Bandai joins the slew of Gurren Lagann merchandise with its SRC rendition. Apparently there was a brouhaha going on about the stylized sculpt of this particular toy, especially against the popular Riobot version. Despite the higher price and lack of any diecast the Riobot indeed has some brilliant engineering. The SRC has taken some liberty with the sculpt that attempts to give it a Revoltech flavour – dynamic shapes that don’t look so good in a static pose, and all the goodness without the clicky Revolver joints that people are getting tired of. However I didn’t have the guts to cancel my order with Amiami so here’s a review.
This is the usual SRC packaging with no window. The use of universal joints has become a gimmick and Bandai has decided to name it the Crossover Joint. Basically you can mix and match certain parts on other SRC figures like the Shin Mazinger Z and Gunbuster.
Package contents. Inside the fairly densely packed tray you get the Gurren Lagann, the Gurren Wing flight pack, a pair of Gurren Boomerangs, 2 extra faces, 3 pairs of hands, 2 pairs of drills, a replacement chest piece and a stand adapter.
Overall views. As you can see this toy has a fairly interesting sculpt. Due to the animation style there is not exact, fixed lineart for reference. However Bandai has given it a slim waist with slightly thin arms, and the huge legs with oversized kneecaps and an S-shaped line down the legs that reminds me of a Revoltech figure. To be honest the proportions do look a bit strange from certain angles. The huge kneecaps were also one of the factors that made people give up on this toy. Another problem was the emblems on the shoulder shields. They are different from the early prototype images and some people argue that they aren’t show-accurate but I don’t have issues with them. It’s still a fairly nice graphic in my opinion.
As expected of the SRC line, paint applications are detailed and nearly flawless. The complicated paint job you see here on the forehead and face is a testament to this. Faces are swapped by first removing the forehead crest and pulling out the face. I find it easier to detach the head off the figure as it gives more leverage when trying to pull the face out. The cheeks are made of flexible plastic. The “shouting” face looks more like a “huh” face, but the inside of the mouth is really recessed and not just painted black.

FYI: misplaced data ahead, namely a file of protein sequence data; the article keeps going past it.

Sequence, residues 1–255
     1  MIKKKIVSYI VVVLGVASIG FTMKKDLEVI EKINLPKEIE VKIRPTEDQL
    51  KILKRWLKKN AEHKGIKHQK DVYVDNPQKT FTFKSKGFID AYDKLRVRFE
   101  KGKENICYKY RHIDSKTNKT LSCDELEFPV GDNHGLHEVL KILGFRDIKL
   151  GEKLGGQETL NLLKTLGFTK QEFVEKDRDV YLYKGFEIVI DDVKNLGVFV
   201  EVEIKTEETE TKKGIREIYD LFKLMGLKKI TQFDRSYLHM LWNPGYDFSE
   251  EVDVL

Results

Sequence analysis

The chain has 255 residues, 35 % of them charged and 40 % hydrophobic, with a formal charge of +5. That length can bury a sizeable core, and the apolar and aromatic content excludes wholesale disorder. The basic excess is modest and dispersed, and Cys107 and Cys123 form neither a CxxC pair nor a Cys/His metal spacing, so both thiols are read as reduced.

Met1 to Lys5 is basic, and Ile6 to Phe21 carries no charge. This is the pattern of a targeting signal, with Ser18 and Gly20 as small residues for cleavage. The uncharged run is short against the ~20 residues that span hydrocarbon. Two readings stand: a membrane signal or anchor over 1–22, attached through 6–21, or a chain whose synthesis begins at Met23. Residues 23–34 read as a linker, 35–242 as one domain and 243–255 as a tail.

The contentious waist. The gunmetal bit inside the mouth is movable and hides the multiple waist joints.
The jaw can be moved but closing the mouth reveals the joints and makes the already skinny waist look worse. While the shades on the chest are translucent you can’t really see the eyes beneath until you use the replacement chest piece. The eyes seem to be transparent but the yellow paint isn’t clear enough.
The arms are mostly bare molded plastic but you probably won’t be bothered by them as the paint job doesn’t make the bare plastic stand out.
Those controversial legs. I also prefer the sculpt of the Riobot version.
The back has a cover piece that is removed to reveal the backpack joint which is also compatible with the Jet Scrander backpack for the Mazinger Z.
The Gurren Wing backpack has 4 drills which are made of hard plastic and are sharp. The joints on the wing roots can extend to improve the range of motion.
Here it is plugged into the back of the figure.
Articulation is impressive as always. My pictures don’t really do justice to the multiple joints all over the figure. The head is on a more conventional double joint. The waist has an extendable triple joint and can rotate all the way around.
The diecast shoulder ball joints can extend forward. The shoulder pads are on diecast double joints. The shoulder shields also have ball joints. The elbows have 2 swivels at the top and bottom. The elbows themselves are double joints, with the upper joint being a ratchet joint, while the lower one is part of the lower arm. The wrists are on the usual double joints. Unlike Revolver joints these ratchet joints offer finer control over the angle you can get them in.
The hips are diecast but on my figure they are a little loose for my taste. The gold pieces on the sides of the waists are on double joints that pop off easily when they get in the way of the thighs. While the thighs can rotate at the top, like the arms they have a second joint near the knee. The knees are also double joints similar to the elbows – an upper ratchet joint and a lower knee joint that is part of the lower leg. The huge kneecaps are on diecast arms and can move slightly. The lower leg is diecast. The diecast ankles can extend with a satisfying click and have a double joint below a ball joint making them triple joints. The insides of the feet are diecast as they are part of the ankle joints. While the heel can move out of the way for certain poses there isn’t any toe articulation.
The included drills are mounted on the forearms by simply plugging them in. They are made of slightly flexible plastic but I wouldn’t want to test their limits.
The Gurren Boomerangs simply sit in the hands.
“Who do you think we are?!”
This is a fairly decent figure from Bandai’s awesome SRC line. Some people may have issues with the stylized sculpt but it still looks good when you put it in a nice dynamic pose. Sure it doesn’t look as great as the Riobot does, and people who are willing to pay more for the superior sculpt should go ahead and skip this offering. But even with the somewhat generous amount of diecast in this figure you don’t really get your money’s worth as you still need to shell out more money to get the drill set. I guess it’s to be expected of the line and at least the add-on set isn’t a Tamashii Web exclusive.